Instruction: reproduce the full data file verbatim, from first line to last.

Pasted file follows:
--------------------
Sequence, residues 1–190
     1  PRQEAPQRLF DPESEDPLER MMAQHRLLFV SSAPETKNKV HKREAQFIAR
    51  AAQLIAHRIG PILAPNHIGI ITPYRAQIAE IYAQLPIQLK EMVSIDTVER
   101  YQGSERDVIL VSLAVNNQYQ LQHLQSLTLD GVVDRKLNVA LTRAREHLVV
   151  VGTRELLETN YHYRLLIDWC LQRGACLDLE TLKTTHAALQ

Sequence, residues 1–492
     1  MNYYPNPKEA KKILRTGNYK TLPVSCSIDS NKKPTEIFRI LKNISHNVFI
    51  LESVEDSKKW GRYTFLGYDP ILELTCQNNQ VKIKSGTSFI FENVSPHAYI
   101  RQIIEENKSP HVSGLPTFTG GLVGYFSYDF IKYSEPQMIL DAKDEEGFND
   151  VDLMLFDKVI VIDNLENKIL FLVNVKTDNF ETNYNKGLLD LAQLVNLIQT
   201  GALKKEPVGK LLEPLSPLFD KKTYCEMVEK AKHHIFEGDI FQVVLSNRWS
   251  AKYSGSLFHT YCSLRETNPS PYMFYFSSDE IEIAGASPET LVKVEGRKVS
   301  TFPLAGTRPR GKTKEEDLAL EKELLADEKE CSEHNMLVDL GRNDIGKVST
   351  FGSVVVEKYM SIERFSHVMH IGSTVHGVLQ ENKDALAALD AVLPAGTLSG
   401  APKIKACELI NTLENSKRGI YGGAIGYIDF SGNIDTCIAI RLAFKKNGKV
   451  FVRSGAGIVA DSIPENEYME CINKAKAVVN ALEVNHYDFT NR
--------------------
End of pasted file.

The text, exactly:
Sequence, residues 1–190
     1  PRQEAPQRLF DPESEDPLER MMAQHRLLFV SSAPETKNKV HKREAQFIAR
    51  AAQLIAHRIG PILAPNHIGI ITPYRAQIAE IYAQLPIQLK EMVSIDTVER
   101  YQGSERDVIL VSLAVNNQYQ LQHLQSLTLD GVVDRKLNVA LTRAREHLVV
   151  VGTRELLETN YHYRLLIDWC LQRGACLDLE TLKTTHAALQ

Sequence, residues 1–492
     1  MNYYPNPKEA KKILRTGNYK TLPVSCSIDS NKKPTEIFRI LKNISHNVFI
    51  LESVEDSKKW GRYTFLGYDP ILELTCQNNQ VKIKSGTSFI FENVSPHAYI
   101  RQIIEENKSP HVSGLPTFTG GLVGYFSYDF IKYSEPQMIL DAKDEEGFND
   151  VDLMLFDKVI VIDNLENKIL FLVNVKTDNF ETNYNKGLLD LAQLVNLIQT
   201  GALKKEPVGK LLEPLSPLFD KKTYCEMVEK AKHHIFEGDI FQVVLSNRWS
   251  AKYSGSLFHT YCSLRETNPS PYMFYFSSDE IEIAGASPET LVKVEGRKVS
   301  TFPLAGTRPR GKTKEEDLAL EKELLADEKE CSEHNMLVDL GRNDIGKVST
   351  FGSVVVEKYM SIERFSHVMH IGSTVHGVLQ ENKDALAALD AVLPAGTLSG
   401  APKIKACELI NTLENSKRGI YGGAIGYIDF SGNIDTCIAI RLAFKKNGKV
   451  FVRSGAGIVA DSIPENEYME CINKAKAVVN ALEVNHYDFT NR